VIRUSES ARE tiny parasites. They have a singular mission: to invade a host cell and use its machinery to replicate themselves — complete with their own genetic material — and then go on to infect other host cells. The new coronavirus, which has a comparatively large genome, is racing through part of China and beginning to spread around the world, transmitted from person to person. The family of coronavirus is so named because of a crownlike appearance of spikes — some say it looks like the sun during an eclipse, with a halo. But there is nothing sunny about its emergence as a respiratory disease that can harm and kill human beings.

This is important to understand in order to consider the proper response. For healthy people, the body’s immune system is a critical first line of defense. There are others, such as isolating the infected, hand-washing, masks, protective gear and quarantine. And once infection has set in, it is important to treat patients and help them recover.

Physical isolation, rapid diagnostics of suspected cases and monitoring of others can be vital tools. These depend on early detection and information sharing, a lesson reinforced over and over again in previous outbreaks. China’s draconian lockdown of Wuhan and other cities was an attempt to physically contain the outbreak, a worthy goal that may have been compromised by the secrecy and paranoia of China’s own leaders, who did not share information with the population. If the new coronavirus remains largely in China, then the cordon may have helped. But there is a serious possibility the virus will spread. The tiny particles are opportunists. They know no roads, no rivers nor fences; they recognize no national flags. The new coronavirus may become a global pathogen, as is influenza today.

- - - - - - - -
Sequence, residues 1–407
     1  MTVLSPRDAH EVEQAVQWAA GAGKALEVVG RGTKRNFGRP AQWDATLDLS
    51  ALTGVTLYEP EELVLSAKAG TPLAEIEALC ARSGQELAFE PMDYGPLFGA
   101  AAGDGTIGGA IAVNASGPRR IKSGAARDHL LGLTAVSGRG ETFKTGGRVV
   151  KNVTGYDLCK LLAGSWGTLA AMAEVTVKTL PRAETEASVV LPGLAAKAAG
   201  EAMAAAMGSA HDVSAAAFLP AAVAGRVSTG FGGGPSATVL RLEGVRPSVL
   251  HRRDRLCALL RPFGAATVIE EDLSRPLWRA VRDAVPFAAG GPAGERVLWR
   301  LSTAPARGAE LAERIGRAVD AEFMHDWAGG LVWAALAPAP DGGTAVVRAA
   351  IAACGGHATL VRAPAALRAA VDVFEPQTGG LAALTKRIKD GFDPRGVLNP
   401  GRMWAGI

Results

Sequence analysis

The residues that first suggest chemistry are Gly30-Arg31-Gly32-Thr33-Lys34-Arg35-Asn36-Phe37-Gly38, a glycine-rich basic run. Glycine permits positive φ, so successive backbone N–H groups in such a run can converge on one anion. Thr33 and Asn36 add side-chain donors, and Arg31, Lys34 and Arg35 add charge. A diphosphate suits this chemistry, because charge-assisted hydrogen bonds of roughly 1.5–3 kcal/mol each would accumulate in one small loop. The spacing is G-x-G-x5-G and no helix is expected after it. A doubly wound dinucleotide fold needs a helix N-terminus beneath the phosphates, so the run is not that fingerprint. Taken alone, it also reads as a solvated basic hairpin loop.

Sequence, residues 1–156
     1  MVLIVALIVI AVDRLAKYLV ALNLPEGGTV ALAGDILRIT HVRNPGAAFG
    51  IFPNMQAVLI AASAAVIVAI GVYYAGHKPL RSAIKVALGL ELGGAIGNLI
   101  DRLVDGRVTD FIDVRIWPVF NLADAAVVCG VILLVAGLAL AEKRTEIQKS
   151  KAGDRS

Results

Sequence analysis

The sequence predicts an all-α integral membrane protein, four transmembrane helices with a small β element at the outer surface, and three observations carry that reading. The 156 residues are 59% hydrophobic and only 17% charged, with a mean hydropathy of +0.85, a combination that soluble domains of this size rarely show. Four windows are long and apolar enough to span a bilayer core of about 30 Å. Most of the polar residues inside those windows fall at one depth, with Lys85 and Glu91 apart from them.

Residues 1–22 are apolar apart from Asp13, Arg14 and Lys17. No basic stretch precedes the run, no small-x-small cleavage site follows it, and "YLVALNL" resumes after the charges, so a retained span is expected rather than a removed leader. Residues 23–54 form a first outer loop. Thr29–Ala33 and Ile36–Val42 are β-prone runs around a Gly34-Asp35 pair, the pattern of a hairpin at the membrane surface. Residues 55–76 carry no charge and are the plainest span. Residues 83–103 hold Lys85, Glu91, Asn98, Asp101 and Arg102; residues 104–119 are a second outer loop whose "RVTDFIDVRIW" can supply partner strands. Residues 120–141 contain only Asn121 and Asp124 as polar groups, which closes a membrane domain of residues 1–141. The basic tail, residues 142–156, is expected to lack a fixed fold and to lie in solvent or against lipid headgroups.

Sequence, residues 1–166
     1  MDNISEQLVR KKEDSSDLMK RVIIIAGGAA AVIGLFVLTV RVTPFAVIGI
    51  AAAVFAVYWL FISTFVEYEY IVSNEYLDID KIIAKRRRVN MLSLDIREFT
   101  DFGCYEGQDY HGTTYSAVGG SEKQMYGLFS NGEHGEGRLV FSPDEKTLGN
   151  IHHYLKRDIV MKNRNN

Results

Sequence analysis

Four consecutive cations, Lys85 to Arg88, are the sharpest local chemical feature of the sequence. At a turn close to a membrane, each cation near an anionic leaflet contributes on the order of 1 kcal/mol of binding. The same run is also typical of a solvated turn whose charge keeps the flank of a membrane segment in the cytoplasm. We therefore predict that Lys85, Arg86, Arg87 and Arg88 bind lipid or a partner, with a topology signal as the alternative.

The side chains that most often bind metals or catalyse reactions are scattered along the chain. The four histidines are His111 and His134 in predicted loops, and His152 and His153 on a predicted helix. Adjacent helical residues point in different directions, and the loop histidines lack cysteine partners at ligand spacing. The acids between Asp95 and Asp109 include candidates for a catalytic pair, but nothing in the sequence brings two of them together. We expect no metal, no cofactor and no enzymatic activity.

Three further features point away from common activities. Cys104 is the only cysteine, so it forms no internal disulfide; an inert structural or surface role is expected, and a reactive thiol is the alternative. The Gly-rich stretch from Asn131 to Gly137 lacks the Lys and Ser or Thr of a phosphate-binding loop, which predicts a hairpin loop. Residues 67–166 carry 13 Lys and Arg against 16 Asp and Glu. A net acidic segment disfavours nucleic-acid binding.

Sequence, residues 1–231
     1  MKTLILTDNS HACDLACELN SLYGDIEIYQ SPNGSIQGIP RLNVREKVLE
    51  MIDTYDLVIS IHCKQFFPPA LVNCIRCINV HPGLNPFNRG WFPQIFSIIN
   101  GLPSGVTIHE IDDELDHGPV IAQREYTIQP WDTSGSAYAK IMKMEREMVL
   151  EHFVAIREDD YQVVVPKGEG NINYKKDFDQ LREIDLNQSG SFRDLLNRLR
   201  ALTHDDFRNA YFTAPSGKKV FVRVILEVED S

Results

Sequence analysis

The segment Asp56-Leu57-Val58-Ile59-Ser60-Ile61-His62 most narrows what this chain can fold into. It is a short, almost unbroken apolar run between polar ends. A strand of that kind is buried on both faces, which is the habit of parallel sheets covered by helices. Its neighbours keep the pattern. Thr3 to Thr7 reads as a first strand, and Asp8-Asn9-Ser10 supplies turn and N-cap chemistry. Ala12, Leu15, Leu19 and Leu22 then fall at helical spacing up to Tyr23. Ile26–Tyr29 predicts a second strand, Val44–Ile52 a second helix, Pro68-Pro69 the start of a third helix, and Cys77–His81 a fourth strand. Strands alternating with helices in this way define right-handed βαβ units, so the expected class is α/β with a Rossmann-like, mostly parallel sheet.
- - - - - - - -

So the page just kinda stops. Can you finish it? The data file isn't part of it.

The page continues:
That’s why physical measures such as limits on travel and trade, which the United States and others are now imposing on China, can become problematic. All the lessons of the 2014 Ebola epidemic were that such restrictions further harmed an already suffering region. The World Health Organization’s 2005 International Health Regulations, which cover 194 countries including the United States, call for rapid response to the outbreak at the source as the most effective way to fight an outbreak, and to “minimize unnecessary restrictions to travel and trade.”

Perhaps it is human nature to want to slam the door, but those who have been through this before wisely counsel that shutting down air routes and disrupting trade for a prolonged period will hurt more than it will help. Supply chains that are critical to the global economy, involving autos, technology and even the surgical face masks so ubiquitous in recent weeks, emanate from China and are vital to everyone else. We must move on from fear to the immense practical needs of coping with the new coronavirus if it becomes a global pandemic. Surveillance, diagnostics and improving capacity in health-care systems, as well as new therapies, are practical priorities.

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